Deeper Than the Headlines: New OIG Work Plan Items (May 2018)

The OIG recently posted new work plan items in their May 2018 update online. There are two items in particular that I think all of you need to know more about. They include (1) outpatient cardiac and pulmonary rehabilitation and (2) noninvasive home ventilators (NHVs) and respiratory assist devices (RADs).

Outpatient Cardiac and Pulmonary Rehabilitation

Medicare Part B covers outpatient cardiac and pulmonary rehabilitation services. For these services to be covered, however, they must be medically necessary and comply with certain documentation requirements. Previously, the OIG identified outpatient cardiac and pulmonary rehabilitation service claims that did not comply with Federal requirements. OIG plans to assess whether Medicare payments for outpatient cardiac and pulmonary rehabilitation services were allowable in accordance with Medicare requirements. They will also determine whether potential risks in outpatient cardiac and pulmonary rehabilitation programs continue to exist.

Having the proper medical supervision take place (as well as having it documented) is a key risk area for cardiac rehabilitation. In summer of 2015 for example, Vanguard Health Systems agreed to pay $2.9 million to settle false claims act allegations which included a failure to properly supervise cardiac rehabilitation therapy at the Vanguard-owned Arizona Heart Institute.

Specifically, the lawsuit alleged that AHI billed for cardiac rehabilitation therapy provided by a physician who was not properly supervising the therapists providing the services.

The lawsuit was filed by a whistleblower under the false claims act. The whistleblower in this case received over $500,000 as her share of the recovery. The case is docketed as United States ex rel. Lee v. Vanguard Health Services, Inc., et al., No. 3:13-cv-0171 (M.D. Tenn.).

For Medicare, outpatient cardiac and pulmonary services must have a physician immediately available and accessible for medical consultations and emergencies at all times when items and services are being furnished under the program. This provision is satisfied if the physician meets the requirements for direct supervision for physician office services. Direct supervision in the office setting means the physician must be present in the office suite and immediately available to furnish assistance and direction throughout the performance of the procedure. It does not mean that the physician must be present in the room when the procedure is performed.

Noninvasive Home Ventilators (NHVs) and Respiratory Assist Devices (RADs)

For items such as noninvasive home ventilators (NHVs) and respiratory assist devices (RADs) to be covered by Medicare, they must be reasonable and necessary for the diagnosis or treatment of illness or injury or to improve the functioning of a malformed body member. Depending on the severity of the beneficiary's condition, an NHV or RAD may be reasonable and necessary. NHVs can operate in several modes, i.e., traditional ventilator mode, RAD mode, and basic continuous positive airway pressure (CPAP) mode. The higher cost of the NHVs' combination of noninvasive interface and multimodal capability creates a greater risk that a beneficiary will be provided an NHV when a less expensive device such as a RAD or CPAP device is warranted for the patient's medical condition. Prior OIG work identified significant growth in Medicare billing for NHVs in the years since they reached the market. OIG will determine whether claims for NHVs were medically necessary for the treatment of beneficiaries' diagnosed illnesses and whether the claims complied with Medicare payment and documentation requirements.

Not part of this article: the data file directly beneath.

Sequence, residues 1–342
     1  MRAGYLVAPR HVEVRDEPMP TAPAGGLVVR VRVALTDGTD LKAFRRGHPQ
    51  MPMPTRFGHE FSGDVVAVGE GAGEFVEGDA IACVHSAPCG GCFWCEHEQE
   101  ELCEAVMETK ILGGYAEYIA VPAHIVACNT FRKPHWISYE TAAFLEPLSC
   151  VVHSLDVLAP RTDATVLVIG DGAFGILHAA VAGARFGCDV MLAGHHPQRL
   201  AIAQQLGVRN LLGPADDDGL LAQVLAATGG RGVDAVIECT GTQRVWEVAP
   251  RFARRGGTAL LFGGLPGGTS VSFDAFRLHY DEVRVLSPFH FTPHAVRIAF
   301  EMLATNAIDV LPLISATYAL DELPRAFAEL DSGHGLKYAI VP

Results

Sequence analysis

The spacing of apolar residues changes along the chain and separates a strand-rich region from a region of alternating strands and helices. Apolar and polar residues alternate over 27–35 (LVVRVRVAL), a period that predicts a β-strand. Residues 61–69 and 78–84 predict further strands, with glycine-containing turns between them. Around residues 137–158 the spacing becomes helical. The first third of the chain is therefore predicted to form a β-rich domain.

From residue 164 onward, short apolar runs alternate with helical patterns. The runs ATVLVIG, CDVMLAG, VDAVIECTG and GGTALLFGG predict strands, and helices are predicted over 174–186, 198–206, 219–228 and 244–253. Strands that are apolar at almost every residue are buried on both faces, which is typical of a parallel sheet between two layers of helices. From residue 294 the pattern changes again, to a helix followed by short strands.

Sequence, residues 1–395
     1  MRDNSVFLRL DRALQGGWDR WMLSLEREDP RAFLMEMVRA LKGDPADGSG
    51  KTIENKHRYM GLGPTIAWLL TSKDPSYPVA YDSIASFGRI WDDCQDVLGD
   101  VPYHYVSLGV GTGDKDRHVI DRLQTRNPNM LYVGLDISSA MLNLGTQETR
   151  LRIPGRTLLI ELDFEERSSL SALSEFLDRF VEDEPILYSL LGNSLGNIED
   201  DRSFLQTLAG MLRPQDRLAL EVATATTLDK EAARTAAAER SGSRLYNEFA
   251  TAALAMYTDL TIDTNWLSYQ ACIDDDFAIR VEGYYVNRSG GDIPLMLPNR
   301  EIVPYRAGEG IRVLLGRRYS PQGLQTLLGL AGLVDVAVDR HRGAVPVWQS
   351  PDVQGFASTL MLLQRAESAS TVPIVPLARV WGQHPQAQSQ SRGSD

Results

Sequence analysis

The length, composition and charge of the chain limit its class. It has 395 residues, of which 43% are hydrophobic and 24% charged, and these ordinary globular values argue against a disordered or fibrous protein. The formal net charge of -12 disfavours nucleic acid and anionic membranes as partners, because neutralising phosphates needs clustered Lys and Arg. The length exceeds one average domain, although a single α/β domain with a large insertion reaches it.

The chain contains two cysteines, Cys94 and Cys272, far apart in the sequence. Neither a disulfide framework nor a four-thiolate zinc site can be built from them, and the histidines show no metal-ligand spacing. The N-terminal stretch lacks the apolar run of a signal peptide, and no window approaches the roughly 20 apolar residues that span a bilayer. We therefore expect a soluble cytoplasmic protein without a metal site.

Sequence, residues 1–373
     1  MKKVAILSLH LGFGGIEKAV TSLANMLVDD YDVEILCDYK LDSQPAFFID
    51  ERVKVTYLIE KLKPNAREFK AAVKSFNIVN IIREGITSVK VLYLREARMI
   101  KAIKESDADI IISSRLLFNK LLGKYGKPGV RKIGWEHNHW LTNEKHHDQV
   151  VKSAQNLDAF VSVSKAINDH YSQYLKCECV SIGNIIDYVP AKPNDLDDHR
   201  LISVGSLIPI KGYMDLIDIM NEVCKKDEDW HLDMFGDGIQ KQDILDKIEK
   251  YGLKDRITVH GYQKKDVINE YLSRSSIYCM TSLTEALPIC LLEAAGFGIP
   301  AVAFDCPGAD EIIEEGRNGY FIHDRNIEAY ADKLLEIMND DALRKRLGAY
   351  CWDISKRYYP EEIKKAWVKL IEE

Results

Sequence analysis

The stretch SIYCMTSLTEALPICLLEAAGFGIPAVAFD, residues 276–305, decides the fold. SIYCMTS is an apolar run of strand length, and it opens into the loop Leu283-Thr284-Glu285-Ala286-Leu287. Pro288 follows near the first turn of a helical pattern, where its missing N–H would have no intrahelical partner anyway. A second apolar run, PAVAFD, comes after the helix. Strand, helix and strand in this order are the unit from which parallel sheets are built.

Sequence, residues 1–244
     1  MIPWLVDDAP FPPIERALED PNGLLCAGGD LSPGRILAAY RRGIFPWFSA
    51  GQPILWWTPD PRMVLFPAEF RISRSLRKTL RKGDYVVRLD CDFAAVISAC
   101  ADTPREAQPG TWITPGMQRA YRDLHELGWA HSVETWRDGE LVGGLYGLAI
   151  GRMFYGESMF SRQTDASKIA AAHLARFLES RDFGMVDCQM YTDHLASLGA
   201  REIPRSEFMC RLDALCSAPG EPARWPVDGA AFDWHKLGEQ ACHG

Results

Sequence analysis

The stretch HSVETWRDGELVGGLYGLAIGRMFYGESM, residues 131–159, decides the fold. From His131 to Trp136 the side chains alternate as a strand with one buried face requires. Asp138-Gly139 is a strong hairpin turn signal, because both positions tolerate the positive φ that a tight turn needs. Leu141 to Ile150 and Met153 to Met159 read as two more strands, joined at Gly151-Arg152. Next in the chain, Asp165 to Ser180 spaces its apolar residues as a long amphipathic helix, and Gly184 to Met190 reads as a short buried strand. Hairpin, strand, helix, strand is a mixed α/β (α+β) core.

In 2016, OIG published a data brief on some of their concerns surrounding these services ( OIG reported that Medicare paid 85 times more claims for noninvasive pressure support ventilators in 2015 than it did in 2009, leading to a rapid increase in expenditures. They found that Medicare paid $25 million for E0464 ventilator claims with indicators of inappropriate billing, such as billing for multiple devices, billing for separate accessories, or billing to treat obstructive sleep apnea.

OIG also observed that most of the increased spending in this area was due to three providers primarily. They stated, the increased billing from these three suppliers accounted for 54 percent of the nationwide growth in beneficiaries with E0464 claims from 2012 to 2015. These 3 suppliers went from serving a combined total of 196 beneficiaries in 2012 (i.e., 5 percent of beneficiaries with E0464 claims) to serving 16,073 beneficiaries in 2015 (i.e., 48 percent of beneficiaries with E0464 claims). This growth far exceeded the growth in the average number of E0464 beneficiaries among other suppliers, which rose from 13 beneficiaries per supplier to 28 during the same period.

The report also said that the OIG is further reviewing information on the 3 suppliers that accounted for 54 percent of the nationwide growth to determine whether to initiate audits or investigations and/or to refer them to CMS for follow-up, as appropriate.

Even if you aren’t one of these three suppliers, it would be wise to assess your use of code E0464, if you provide these type of services. In addition to these two newly added OIG Work Plan items in May 2018, there were five more items added. See the full May update here.

Questions or Comments?